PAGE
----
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Alfalfa - Kelp of The Land

Alfalfa is another one of natures gifts providing for animals and people. Alfalfa is also called Lucerne in most places outside of north America and is cultivated for a multitude of uses from grazing animal feed, hay, mulch, cover crop and green manure. Alfalfa is a perennial that closely resembles clover until the plant is more mature. It grows 1 - 3 feet tall and is native to warmer temperate climates. Alfalfa has been used since the ancient Greek and Roman Era’s.

Growing Alafia is great for many reasons its a great food source for animals and people. Alfalfa sprouts are a great microgreen if your into microgreens.

Its a great cover crop for planting in-between crops to keep that soil alive by pumping plant exudates into the ground as well as feeding local wildlife like rabbits. Alfalfa is a nitrogen Fixing crop using Rhizobium nodules. Bringing down cost of fertilizer by fixing nitrogen from the air into the soil so you don’t have to apply as much or any fertizler when you have a complete permaculture system.

Then when you chop the cover crop it can be bailed up for storage for grazing animals during the winter months as well mulch.

We can’t forget its also great at feeding the soil when top dressed as meal or mulch. Especially in the winter months for those who get freezing temps it can help protect your soil with a decent layer of mulch.

While getting all these uses from Alfalfa if you allow some to flower out they’re great for pollinators.

What does Alfalfa Contain

Alfalfa much like kelp is a rich source of proteins, minerals (calcium, phosphorus, iron, magnesium, potassium, zinc, copper, selenium, organic silicon, manganese), vitamins (C, K, D, E, U, provitamin A, B1, B2, B6, B12, folic acid/B9, biotin, niacin), as well as β-carotene and eight essential amino acids (alanine, lysine, arginine, histidine, cysteine, proline, methionine, tyrosine).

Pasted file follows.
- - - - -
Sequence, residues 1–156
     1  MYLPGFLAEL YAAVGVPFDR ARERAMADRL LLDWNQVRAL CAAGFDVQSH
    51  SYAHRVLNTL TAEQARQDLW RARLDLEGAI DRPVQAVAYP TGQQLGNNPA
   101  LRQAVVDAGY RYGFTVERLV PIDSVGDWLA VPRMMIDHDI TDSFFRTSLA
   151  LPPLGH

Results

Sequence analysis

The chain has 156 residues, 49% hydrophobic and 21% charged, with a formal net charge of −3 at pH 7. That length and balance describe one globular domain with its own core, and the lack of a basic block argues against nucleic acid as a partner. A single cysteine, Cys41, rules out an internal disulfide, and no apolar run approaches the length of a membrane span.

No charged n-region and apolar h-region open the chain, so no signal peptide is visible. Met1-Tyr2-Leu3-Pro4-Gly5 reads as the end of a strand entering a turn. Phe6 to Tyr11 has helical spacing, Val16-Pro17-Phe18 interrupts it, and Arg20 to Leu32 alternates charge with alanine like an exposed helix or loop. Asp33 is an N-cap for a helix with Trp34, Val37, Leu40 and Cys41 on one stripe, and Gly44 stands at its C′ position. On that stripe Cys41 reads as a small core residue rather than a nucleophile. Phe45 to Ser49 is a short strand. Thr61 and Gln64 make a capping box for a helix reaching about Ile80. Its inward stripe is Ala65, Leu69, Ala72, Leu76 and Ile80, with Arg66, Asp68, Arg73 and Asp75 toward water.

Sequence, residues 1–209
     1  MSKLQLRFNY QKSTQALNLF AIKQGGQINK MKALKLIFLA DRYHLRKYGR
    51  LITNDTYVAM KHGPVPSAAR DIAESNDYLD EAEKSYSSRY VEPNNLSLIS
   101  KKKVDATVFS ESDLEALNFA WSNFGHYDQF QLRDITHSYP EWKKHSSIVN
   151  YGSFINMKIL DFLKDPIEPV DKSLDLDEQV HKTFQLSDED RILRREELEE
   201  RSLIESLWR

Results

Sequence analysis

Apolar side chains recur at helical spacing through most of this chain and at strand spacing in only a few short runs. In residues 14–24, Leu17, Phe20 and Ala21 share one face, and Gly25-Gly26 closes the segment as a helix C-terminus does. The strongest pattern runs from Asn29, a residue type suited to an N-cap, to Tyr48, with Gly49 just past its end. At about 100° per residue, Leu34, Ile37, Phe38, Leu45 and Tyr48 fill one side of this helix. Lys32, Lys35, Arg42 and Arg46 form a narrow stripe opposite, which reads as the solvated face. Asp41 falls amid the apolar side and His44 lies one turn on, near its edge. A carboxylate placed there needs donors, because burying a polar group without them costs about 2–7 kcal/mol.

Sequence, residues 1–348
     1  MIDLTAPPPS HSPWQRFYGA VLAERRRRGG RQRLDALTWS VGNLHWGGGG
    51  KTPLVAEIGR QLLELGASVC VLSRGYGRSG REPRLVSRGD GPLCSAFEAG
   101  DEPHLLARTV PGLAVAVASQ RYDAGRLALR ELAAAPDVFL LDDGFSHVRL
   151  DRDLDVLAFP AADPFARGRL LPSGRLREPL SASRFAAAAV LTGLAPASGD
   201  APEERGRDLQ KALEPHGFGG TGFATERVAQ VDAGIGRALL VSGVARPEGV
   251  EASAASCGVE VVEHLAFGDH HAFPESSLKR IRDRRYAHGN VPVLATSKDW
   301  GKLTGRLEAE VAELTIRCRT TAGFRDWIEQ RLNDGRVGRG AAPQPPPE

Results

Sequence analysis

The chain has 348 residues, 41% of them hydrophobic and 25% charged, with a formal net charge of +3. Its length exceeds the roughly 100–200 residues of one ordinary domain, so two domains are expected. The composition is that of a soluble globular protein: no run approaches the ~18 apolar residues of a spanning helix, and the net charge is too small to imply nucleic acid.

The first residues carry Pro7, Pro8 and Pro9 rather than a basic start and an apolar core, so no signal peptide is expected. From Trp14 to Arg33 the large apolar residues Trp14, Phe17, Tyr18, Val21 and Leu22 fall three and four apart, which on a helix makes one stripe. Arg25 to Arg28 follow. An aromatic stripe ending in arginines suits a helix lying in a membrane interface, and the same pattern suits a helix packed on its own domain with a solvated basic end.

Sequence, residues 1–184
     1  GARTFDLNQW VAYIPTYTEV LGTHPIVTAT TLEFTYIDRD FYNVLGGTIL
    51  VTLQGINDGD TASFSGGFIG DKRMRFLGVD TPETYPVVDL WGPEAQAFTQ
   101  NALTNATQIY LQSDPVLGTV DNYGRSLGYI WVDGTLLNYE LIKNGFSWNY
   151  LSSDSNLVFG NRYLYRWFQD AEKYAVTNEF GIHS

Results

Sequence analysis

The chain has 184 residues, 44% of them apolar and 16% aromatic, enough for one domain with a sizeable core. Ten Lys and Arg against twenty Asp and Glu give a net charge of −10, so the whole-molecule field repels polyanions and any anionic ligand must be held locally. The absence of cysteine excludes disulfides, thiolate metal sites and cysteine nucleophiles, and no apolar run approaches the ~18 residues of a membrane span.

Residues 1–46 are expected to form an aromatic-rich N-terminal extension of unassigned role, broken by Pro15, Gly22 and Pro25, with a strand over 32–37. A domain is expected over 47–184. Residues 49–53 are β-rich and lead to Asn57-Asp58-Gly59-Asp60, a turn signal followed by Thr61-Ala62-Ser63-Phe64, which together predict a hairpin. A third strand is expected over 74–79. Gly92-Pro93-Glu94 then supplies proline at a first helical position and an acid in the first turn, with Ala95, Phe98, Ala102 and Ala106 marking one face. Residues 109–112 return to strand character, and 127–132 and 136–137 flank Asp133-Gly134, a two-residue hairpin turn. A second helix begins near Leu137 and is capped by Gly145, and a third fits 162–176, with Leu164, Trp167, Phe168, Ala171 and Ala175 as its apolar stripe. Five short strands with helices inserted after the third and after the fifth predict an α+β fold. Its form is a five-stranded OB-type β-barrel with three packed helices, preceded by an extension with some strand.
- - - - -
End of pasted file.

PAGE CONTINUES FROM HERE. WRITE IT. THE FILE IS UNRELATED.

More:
Alfalfa normally has a NPK ratio of 3-1-2 a bit more or less depending on where it was grown and brand. So it has a little of everything but more Nitrogen great for young plants.

One of the most talked about properties of alfalfa is triacontanol which is a natural plant growth hormone. Which increases a plants effectiveness to photosynthesize and promotes roots and shoots. So alfalfa is great to use during the vegetative growth period with its high nitrogen content and natural plant growth hormones and trace minerals.

Using alfalfa in the garden

Compost activator/accelerator - it having a high nitrogen content can help compost piles get going if they are decomposing a little slow.

Top dressing - You can top dress or directly mix into your soil and is in many dry amendment blends.

Teas - add it to your compost teas but don’t add too much a little goes a long way 1/4 cup per 5 gallon batch of tea. You can also make a tea of just alfalfa but letting 1/4 cup soak in a 5 gallon bucket for a day or two just stir once in a while.

seed spout tea - seed spout teas are great and contain tons of enzymes and natural growth hormones.

Ferments - you can ferment it by its-self or with a few other plants to make a balanced plant tonic

Resources: Apostol, Livia & Iorga, Sorin & Mosoiu, Claudia & Racovita, Radu & Niculae, Oana & Vlasceanu, Gabriela. (2017). ALFALFA CONCENTRATE – A RICH SOURCE OF NUTRIENTS FOR USE IN FOOD PRODUCTS. Agriculture & Food. 5. 66-73.